March 14, 2013

photo: Nobokov

NYU Washington, DC hosted a conversation with journalist Andrea Pitzer to discuss her novel, The Secret History of Vladimir Nabokov.

Using newly-declassified intelligence files and recovered military history, Pitzer argued that far from merely being a proponent of art for art’s sake, Vladimir Nabokov managed to hide disturbing history in his fiction—history that has gone unnoticed for decades. Pitzer's novel is a startling and revelatory examination of Nabokov’s life and works—bringing new insight into one of the twentieth century’s most enigmatic authors.

The Secret History of Vladimir Nabokov was published by Pegasus Books, with distribution by W.W. Norton, in March 2013. Twenty percent of the author's proceeds will be donated to organizations devoted to the study of Nabokov's life and works, as well as institutions preserving Gulag and Holocaust history.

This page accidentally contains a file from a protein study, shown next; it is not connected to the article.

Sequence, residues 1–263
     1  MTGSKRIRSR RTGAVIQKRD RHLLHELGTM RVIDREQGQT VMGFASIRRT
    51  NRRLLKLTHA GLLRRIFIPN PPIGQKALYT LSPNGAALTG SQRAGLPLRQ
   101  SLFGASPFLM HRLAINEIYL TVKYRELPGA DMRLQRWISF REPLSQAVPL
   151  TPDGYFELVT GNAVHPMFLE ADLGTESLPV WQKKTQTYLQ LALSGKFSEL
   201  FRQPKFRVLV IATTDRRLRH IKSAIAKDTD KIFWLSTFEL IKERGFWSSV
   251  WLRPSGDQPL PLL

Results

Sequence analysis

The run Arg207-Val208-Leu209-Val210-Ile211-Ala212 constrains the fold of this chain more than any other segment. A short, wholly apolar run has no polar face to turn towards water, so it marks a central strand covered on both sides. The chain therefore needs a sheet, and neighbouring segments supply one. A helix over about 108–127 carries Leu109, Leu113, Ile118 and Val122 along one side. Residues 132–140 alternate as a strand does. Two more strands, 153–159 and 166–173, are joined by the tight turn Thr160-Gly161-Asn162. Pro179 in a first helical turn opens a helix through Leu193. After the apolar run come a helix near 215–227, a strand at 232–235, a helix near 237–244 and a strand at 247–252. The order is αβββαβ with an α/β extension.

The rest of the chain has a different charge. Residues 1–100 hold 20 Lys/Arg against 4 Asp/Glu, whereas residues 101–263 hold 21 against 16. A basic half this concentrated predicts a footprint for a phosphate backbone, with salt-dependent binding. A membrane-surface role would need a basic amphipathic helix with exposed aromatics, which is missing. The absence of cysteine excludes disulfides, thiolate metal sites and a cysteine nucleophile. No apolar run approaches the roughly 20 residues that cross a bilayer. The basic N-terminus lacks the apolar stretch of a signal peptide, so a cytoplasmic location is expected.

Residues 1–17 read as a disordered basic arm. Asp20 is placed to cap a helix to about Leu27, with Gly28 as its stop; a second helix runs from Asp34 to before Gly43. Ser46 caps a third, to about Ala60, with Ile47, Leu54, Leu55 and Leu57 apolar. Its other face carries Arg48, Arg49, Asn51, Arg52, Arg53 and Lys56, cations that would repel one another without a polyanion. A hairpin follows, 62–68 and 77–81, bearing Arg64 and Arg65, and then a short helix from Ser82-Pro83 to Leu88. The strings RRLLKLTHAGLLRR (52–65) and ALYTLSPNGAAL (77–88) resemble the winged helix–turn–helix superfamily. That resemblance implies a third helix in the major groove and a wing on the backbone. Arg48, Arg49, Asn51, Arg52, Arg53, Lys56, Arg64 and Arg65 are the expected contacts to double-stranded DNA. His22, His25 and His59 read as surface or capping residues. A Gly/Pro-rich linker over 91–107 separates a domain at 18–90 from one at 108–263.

Meet the Author

Photo: Andrea Pitzer

Andrea Pitzer founded Nieman Storyboard, the narrative nonfiction site of the Nieman Foundation for Journalism at Harvard University.  Her writing has appeared in a variety of publications, from USA Today to Poet Lore. A graduate of Georgetown University’s School of Foreign Service, she presented on Nabokov’s fiction at the Modern Language Association Conference in 2009 and has spoken on narrative journalism in the U.S. and abroad.

photo: secret history of nobokov

The most remarkable and insightful book on Vladimir Nabokov in many years.
- Michael Maar, Author of Speak, Nabokov and The Two Lolitas

Demolishes the false distinction between the literary gamesman we know Nabokov to be and the historically engaged writer he supposedly isn't a feat of fascinating literary detective work.”
- Christopher Goffard, Author of You Will See Fire: A Search for Justice in Kenya

The Secret History of Vladimir Nabokov manages the impressive feat of being at once a wide-ranging introduction to Nabokov's life  and work as well as a game-changer for those readers who thought they knew his writing cold.”
—Steven Belletto, Author of No Accident, Comrade: Chance and Design in Cold War American Narratives